Yale Lecturer and West Texas Poet Connects Art and Personal Beliefs

 

“I didn’t know what I wanted to be; I was just furious to be something,” remarked author, poet, and teacher Christian Wiman to a group of students, faculty, and staff in Hardin-Simmons University’s Logsdon Chapel. Wiman was the featured speaker at the annual Lawrence Clayton Poets and Writers Speaker Series, April 14,2014, at HSU.

In an informal question and answer session, Wiman harkened back to his challenging past as a striving writer from Snyder, Texas, as one of the driving forces behind his poetry. Wiman recalled his financially difficult first year of college when he had to sell his car to pay for the second semester.

Wiman has gone on to receive the Ruth Lilly Poetry Fellowship, a Guggenheim Fellowship, and the 1998 Nicholas Roerich Poetry Prize as well as becoming the editor of the prestigious literary magazine Poetry, a position he held from 2003-2013. Wiman currently lectures at the Yale Institute of Sacred Music on topics of religion and literature.

Kristen Mulvihill, a communications major from Cobhill, Texas, said that Wiman’s unique motivation for writing applied to her own experience as editor of the 2014 Corral, HSU’s arts and literary magazine.

“Just write for God,” said Mulvihill as she described how Wiman’s presentation had influenced her perspective regarding writing. “People can be a fickle audience,” she said.

In a poetry reading and book signing, Wiman enthralled those in attendance with powerful poetic punches, drawing inspiration from noted poets such as T.S. Eliot and Osip Mandelstam. Connecting his personal beliefs with his poetry, Wiman verbally painted a picture of how the intricacies of light in physics mimic his own understanding of God. Wiman challenged the audience to examine truth with a perspective of beauty and brokenness.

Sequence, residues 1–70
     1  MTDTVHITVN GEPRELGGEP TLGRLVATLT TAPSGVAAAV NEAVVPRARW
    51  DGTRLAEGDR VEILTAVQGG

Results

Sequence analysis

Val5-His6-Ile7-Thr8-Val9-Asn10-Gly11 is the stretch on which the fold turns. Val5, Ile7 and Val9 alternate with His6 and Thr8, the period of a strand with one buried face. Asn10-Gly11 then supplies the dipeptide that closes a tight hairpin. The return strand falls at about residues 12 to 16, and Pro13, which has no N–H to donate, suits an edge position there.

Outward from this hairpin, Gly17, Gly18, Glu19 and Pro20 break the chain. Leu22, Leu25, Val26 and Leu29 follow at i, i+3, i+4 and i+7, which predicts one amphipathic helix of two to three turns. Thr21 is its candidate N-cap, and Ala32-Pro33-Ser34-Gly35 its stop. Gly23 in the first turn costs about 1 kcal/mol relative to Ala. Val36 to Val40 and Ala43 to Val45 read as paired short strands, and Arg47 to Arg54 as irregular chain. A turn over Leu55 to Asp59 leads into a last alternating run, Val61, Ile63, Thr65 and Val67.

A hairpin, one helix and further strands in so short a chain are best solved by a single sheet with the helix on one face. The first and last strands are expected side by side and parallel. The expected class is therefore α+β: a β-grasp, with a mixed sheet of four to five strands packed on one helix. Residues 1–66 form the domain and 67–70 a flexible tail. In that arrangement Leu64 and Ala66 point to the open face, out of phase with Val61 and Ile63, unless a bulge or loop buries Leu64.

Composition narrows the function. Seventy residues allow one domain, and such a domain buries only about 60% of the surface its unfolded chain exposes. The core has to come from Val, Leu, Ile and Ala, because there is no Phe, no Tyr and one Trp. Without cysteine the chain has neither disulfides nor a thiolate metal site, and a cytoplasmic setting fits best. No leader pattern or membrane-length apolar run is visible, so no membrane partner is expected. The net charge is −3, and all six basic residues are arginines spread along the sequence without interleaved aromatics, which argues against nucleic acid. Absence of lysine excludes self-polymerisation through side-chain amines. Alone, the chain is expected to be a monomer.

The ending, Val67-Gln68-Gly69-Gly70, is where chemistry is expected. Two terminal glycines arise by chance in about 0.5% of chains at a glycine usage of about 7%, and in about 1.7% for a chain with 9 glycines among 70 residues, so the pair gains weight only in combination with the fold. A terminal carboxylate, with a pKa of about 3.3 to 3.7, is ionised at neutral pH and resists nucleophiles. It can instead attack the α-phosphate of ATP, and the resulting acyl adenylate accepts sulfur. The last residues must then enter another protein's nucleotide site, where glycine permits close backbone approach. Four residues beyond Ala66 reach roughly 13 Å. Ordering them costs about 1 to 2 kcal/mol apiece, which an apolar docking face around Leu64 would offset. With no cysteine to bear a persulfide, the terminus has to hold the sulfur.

“For a long moment then, I wished and wished and wished the moment would not end. And just like that, it vanished,” said Wiman quoting from his poem Postolka about a chance encounter with a falcon on a balcony in Prague, Czech Republic. Wiman points out the meaning and truth behind the poem, that every moment in life will eventually end.

“He is clearly one of the best, if not the best, poets, writers out there,” said Dr. Robert Fink, W.D. and Hollis R. Bond Professor of English and director of creative writing at HSU.

The Lawrence Clayton Poets and Writers Speaker Series, presented by The McIntyre-West Endowment of the HSU Academic Foundation, is named for Dr. Lawrence Clayton, former chair of the English Department and dean of the College of Arts and Sciences. In 1977, Fink, with the blessing of Clayton, began the program that would bring nationally-recognized poets and fiction writers to HSU to provide creative writing students and the Abilene community access to publishing artists. Clayton’s name was added to the series after his death.

About Christian Wiman

He is the author of three collections of poetry: Every Riven Thing (Farrar, Straus and Giroux, 2010), Hard Night (Copper Canyon, 2005), and The Long Home (Copper Canyon, 2007).

Once in the West, his newest book of poetry, will be released September, 2014, from Farrar, Straus, and Giroux.

Wiman has translated the poems of Osip Mendelstam (Stolen Air, Ecco, 2012) and has two books of essays: My Bright Abyss: Meditations of a Modern Believer (Farrar, Straus, and Giroux, 2013), in its eighth printing and now available in paperback; and Ambition and Survival: Becoming a Poet (Copper Canyon, 2005).

His poems and personal essays appear widely in such magazines as The Atlantic Monthly, Harper’s, The New York Times Book Review, and The New Yorker.

 

 

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